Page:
Guac ‘n’ Roll: Jack White’s Leaked Guacamole Recipe Hits the Right Notes

The rock star wants it chunky, which is correct
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Guacamole is a pre-Hispanic dish as much a part of Mesoamerican tradition as it is a staple for Angelenos and a required side dish at any major sporting event in the U.S. The Nahuatl word for avocado is ahuacatl, which translates to testicle, a name given to the unique fruit for obvious reasons.

Speaking of low-hanging fruit, it takes some cojones to leak an artist’s rider, like The Oklahoma Daily did to rock star Jack White, who’s headlining Coachella this year. In addition to financial details, lighting requirements, and directions aimed at preserving White’s privacy, the leaked rider revealed a detailed recipe for something highly coveted by White and his crew: chunky guacamole. Apparently, the Seven Nation Army musician is smart enough to avoid seven-layer dip.

Having myself performed with artists such as the Brian Setzer Orchestra, Colin Hay, Bobby Caldwell, Slash’s Snakepit, Marisela, Khaled, and Bryan Adams, I can say that a rider is standard and designed to provide comfort and hospitality to artists and their crew, lessening the hard life on the road away from home and family. Not to mention, life on the road affords little time for a sit-down meal, so that chunky guacamole might be the only thing the band and crew have time for until the show is over.

White’s guacamole recipe calls for:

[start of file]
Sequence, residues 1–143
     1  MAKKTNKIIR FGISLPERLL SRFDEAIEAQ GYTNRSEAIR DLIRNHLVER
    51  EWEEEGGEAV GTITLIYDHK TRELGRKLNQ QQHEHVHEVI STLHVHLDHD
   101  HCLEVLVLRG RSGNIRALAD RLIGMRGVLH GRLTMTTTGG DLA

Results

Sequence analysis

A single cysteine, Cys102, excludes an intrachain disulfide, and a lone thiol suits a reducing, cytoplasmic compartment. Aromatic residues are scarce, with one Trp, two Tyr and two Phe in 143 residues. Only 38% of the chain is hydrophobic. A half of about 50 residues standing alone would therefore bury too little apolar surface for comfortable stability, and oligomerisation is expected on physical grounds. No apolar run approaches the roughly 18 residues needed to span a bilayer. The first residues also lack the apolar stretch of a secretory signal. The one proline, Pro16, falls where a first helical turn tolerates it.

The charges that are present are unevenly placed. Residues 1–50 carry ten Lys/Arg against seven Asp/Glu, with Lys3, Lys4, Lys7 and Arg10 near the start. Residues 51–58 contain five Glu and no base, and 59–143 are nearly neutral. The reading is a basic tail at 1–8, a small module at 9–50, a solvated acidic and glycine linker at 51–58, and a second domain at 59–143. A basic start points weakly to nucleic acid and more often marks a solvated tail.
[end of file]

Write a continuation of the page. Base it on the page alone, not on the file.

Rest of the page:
• 8 large, ripe Haas avocados (Cut in half the long way, remove the pit—SAVE THE PIT THOUGH—and dice into large cubes with a butter knife. 3 or 4 slits down, 3 or 4 across. You’ll scoop out the chunks with a spoon, careful to main the avocado in fairly large chunks.)
  • 4 vine-ripened tomatoes (diced)
  • ½ yellow onion (finely chopped)
  • 1 full bunch cilantro (chopped)
  • 4 Serrano peppers (de-veined and chopped)
  • 1 lime
  • Salt & pepper to taste

The directions require the venue to carefully mix the ingredients (because White wants it “chunky”), preserve the color and freshness, and time the prep so the guacamole goes on at 5 p.m., sharp. That would be when the crew is taking a break, something White’s management explained in defense of the “High Ball Stepper” singer—headliners don’t hang out at the venue three to four hours before the show, ever. As for the recipe, it’s extremely sound except for the odd choice of yellow onion, which is much more aggressive than the standard white onion, or the Food Network-style recipes with red onion, but chunky guacamole is proper form—maybe this is the start of another career for Jack White.

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